When wine is resting well, it’s aging well, similar to you!  Just think of how well you would rest if someone kept changing the temperature on you, shining light on you, and bumping you around – exactly.  This is why I can’t sleep on an airplane. If you want your wine to be pleasant, give it a good rest!

Did you know that storing wine in a kitchen is actually one of the worst places in a home environment to keep it?  The temperature fluctuates the most in kitchens/bathrooms out of any of the rooms in your home.

How Long is Too Long?

There is a window of time that most wine professionals believe wine is at its best.  The window will vary slightly for each wine, but at a certain point, it will hit its peak, and begin to decline in quality again.  There is no exact way to know when this is, so it can feel like a risk when you’ve been aging a wine for a while, and want to make sure it’s at its best before popping that old cork ever so gently!

So many great wines become collector’s items, and people spend so much money on them, that they never want to drink them.  I once heard someone on a wine documentary say something to the effect of how many of the world’s greatest wines have essentially gone to waste, sitting in someone’s cellar for way too long, because people don’t understand how wine ages.  There’s a time and place for cellaring wine, but in the end, wine is meant to be drunk.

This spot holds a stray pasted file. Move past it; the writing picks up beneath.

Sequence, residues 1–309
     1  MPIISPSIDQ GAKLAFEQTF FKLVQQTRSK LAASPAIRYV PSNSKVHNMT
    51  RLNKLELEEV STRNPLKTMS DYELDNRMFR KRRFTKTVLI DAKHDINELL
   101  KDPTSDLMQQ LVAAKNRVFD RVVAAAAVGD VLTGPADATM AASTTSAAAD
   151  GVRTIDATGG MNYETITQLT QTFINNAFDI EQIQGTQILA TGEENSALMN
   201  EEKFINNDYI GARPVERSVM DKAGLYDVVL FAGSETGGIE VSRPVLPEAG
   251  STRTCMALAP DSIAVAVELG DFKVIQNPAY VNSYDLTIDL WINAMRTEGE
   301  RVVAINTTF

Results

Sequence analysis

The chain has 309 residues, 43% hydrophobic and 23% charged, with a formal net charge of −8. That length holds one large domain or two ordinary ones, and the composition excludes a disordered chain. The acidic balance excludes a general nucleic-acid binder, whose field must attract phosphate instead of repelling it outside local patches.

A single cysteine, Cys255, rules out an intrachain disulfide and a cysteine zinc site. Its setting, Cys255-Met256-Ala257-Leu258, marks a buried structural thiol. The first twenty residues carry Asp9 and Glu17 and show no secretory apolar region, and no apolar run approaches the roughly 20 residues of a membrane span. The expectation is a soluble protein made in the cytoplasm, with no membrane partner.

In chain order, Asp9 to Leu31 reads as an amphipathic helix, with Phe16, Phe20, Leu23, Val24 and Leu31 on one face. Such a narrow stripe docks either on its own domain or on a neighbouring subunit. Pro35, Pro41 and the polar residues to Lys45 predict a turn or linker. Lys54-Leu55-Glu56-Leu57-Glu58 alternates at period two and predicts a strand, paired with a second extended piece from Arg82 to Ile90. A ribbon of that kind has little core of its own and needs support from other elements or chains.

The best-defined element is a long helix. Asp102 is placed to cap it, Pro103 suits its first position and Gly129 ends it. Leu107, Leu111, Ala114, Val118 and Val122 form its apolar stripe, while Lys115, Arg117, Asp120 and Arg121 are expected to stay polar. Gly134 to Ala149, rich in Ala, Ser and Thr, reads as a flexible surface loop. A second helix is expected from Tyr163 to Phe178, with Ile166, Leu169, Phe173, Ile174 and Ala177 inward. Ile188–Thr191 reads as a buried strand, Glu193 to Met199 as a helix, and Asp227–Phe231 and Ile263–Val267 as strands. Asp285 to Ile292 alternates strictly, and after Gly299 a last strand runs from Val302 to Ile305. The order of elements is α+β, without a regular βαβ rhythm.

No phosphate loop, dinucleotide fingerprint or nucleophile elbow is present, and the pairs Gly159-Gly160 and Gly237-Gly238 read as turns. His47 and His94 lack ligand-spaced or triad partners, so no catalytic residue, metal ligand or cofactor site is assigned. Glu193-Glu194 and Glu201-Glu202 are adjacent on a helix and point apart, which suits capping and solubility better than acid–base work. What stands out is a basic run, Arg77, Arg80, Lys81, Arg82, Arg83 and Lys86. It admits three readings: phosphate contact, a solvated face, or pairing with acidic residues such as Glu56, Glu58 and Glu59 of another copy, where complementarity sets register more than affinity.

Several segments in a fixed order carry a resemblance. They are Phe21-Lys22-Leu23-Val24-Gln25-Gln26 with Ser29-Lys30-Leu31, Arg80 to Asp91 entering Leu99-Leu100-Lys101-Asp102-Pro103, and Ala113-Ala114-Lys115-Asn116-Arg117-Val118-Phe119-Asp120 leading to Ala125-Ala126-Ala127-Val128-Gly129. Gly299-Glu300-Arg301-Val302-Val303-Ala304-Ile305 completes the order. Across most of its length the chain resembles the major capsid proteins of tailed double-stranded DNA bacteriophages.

Jancis Robinson’s The Oxford Companion to Wine is one of my favourite wine books.  She says, “contrary to popular opinion, only a small subgroup of wines benefit from extended bottle aging.  The great bulk of wine sold today, red as well as white and pink, is designed to be drunk within a year, or at most two, of bottling.”[2]

In her expert opinion, she goes on to list specific numbers of years that several particular types of wine should be aged for, of which I’ve only included a few popular choices.  Almost all whites retailing under the $20 range should only be bottle aged to a maximum of 2 years.  Heavier whites, like Chardonnay can sometimes last up to 6 years.  More expensive whites can age longer, like Chablis (up to 15 years), or some Rieslings (up to 20).[3]  This has to do with the structure of the particular grapes, and how they’re produced.